Tosca (synopsis) – No, no, and no; I cannot stand to see one more Tosca. It’s starring Anna Netrebko? Well, of course I will attend. I always feel I don’t want to attend yet another performance of Tosca, but when performed nearby, I always go, and I’m always charmed again; Tosca is pretty much the perfect opera. For Ms. Netrebko, I am willing to travel. It and she are among the great ones.
Maria Stuarda (synopsis)– Met favorites Diana Damrau and Jamie Barton lock heads as Mary Queen of Scots and Elizabeth I in a famous historical drama and an opera that gives it stars a chance to show what they can make of it. The Met says, “the opera’s drama is true to history in a way the facts are not.” Hmmm. In the current climate, that might benefit from some explaining.
I think the Met has done an excellent job this year of setting the opera table for fans of “In Cinemas” broadcasts, with an array that should appeal to all tastes in opera. While not the equal of attending the opera in person at the Met, these broadcasts offer less travel and cheaper prices to witness a Met performance, casual dress and taking refreshments to your seat, the possibility of close ups of the singers, and cast interviews in intermission. Looking over the season, I have my favorites; what’s yours? See you at the concession stand.
The Fan Experience: Showtimes for live performances are Saturdays at 12:55 pm, but always check when you buy your ticket. The re-broadcast (termed an “encore”) of each opera typically takes place on the following Wednesday, often more than one showing. The encores are not as popular as the live broadcasts on Saturdays though what you see on screen is exactly the same, so good seats usually continue to be available closer to performance time, often the day of. Individual theaters may have overriding policies as to when tickets for specific showings can be purchased; check with your local theater. Each opera listed on the Met in Cinemas website includes a Find Theater button that will lead to a site where you can enter your city/state address and see theaters in your area (note: I have found that entering your zipcode does not work). Wikipedia provides a history of this program. Tickets are in the in the $20-25 range, with discounts for children and seniors. To select a performance and buy tickets, click here.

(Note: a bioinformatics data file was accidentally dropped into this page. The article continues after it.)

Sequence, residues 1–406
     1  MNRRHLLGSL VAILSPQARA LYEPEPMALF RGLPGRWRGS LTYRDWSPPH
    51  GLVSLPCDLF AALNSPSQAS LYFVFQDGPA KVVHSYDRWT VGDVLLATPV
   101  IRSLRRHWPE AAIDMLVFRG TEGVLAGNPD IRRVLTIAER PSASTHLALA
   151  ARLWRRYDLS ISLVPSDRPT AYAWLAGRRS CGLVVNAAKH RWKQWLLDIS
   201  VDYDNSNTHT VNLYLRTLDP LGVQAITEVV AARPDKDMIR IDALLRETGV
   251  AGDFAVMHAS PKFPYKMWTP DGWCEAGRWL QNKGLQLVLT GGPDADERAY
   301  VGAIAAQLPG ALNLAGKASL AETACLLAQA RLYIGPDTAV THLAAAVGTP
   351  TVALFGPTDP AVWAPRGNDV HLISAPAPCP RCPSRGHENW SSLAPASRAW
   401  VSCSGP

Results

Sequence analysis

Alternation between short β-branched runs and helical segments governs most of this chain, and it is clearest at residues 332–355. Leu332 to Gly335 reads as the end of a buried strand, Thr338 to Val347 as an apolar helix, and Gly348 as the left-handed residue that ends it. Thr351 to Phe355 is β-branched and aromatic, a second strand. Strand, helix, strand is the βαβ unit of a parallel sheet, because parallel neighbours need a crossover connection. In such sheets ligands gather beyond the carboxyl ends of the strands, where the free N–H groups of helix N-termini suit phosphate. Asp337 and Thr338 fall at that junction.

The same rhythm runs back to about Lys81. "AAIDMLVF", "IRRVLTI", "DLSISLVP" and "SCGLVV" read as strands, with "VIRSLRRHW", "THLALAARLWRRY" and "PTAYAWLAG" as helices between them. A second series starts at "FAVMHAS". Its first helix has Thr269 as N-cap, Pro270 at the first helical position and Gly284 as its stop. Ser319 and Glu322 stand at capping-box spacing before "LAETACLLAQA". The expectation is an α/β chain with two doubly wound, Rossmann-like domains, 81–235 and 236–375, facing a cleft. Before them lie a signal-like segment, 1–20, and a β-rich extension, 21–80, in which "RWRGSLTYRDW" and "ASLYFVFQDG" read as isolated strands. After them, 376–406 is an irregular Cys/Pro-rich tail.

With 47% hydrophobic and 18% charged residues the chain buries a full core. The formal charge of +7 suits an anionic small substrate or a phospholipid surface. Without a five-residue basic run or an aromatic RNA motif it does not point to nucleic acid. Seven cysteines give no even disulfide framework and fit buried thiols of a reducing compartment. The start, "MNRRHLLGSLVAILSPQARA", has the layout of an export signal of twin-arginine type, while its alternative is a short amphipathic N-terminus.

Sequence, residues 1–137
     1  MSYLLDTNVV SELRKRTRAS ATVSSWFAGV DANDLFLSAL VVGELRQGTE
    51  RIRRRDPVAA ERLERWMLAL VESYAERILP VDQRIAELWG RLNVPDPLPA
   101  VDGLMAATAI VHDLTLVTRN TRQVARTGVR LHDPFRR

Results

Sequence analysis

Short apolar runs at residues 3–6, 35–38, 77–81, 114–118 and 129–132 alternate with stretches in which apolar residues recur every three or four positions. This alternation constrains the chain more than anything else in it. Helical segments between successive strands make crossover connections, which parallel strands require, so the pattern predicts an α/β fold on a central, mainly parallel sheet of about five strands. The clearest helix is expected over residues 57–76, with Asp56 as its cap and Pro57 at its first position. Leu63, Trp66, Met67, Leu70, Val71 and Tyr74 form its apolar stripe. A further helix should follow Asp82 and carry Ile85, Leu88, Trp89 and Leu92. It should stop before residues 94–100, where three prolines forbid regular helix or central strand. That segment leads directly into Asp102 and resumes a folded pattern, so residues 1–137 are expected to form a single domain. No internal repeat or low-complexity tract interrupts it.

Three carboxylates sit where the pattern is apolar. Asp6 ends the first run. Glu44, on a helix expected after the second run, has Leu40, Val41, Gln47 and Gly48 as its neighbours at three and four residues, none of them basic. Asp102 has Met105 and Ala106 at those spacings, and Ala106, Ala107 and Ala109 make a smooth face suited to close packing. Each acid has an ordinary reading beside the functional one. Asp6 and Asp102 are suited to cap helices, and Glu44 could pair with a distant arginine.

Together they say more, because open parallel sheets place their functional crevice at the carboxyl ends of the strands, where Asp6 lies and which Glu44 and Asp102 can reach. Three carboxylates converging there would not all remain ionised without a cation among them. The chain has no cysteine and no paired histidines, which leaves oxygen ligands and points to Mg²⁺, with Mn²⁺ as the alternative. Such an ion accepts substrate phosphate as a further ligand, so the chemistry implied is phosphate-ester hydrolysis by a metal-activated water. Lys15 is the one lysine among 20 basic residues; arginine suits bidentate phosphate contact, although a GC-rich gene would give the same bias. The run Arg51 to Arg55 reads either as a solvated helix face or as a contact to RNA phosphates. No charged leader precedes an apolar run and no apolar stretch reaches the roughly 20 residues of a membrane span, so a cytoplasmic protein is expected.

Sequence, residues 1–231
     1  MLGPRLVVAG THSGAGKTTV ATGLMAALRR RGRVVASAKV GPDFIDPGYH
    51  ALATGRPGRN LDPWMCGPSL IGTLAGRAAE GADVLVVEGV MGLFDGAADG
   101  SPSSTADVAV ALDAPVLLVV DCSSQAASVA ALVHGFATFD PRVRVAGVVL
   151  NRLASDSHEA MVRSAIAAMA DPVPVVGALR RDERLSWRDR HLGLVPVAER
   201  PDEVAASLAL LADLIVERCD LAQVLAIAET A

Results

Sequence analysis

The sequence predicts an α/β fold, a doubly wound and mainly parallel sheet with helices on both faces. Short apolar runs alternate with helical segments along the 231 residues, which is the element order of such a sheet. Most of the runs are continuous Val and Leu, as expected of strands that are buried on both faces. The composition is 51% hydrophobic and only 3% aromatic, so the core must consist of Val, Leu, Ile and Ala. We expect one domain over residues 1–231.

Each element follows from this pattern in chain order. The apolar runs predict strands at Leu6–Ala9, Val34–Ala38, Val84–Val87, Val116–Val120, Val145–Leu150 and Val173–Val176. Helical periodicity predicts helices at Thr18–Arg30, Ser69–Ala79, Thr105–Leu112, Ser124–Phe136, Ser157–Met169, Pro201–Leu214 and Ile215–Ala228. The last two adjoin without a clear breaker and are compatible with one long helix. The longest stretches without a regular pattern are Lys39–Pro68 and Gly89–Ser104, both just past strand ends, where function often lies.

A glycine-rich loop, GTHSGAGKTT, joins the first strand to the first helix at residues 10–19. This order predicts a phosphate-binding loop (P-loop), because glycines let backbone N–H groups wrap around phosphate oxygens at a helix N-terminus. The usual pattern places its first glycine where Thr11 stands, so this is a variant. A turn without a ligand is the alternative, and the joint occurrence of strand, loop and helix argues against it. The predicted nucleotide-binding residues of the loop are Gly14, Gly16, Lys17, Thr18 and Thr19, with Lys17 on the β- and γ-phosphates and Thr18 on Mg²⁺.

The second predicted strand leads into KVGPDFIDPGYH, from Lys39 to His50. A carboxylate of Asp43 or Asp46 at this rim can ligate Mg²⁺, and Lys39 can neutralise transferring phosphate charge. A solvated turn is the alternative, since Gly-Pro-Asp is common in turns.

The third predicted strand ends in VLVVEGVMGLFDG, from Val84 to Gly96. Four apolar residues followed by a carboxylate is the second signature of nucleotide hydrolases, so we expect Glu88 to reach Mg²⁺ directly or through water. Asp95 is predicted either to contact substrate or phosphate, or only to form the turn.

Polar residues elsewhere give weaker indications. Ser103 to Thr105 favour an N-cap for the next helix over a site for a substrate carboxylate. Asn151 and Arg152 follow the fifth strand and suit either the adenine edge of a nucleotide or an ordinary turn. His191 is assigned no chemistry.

Note that Intermissions can be a little tricky. When intermission begins don’t head for the restrooms just yet; the performer and staff interviews come next. After the interviews, there is a 15-20 minute intermission when you can leave for the restrooms and refill your soda without missing anything.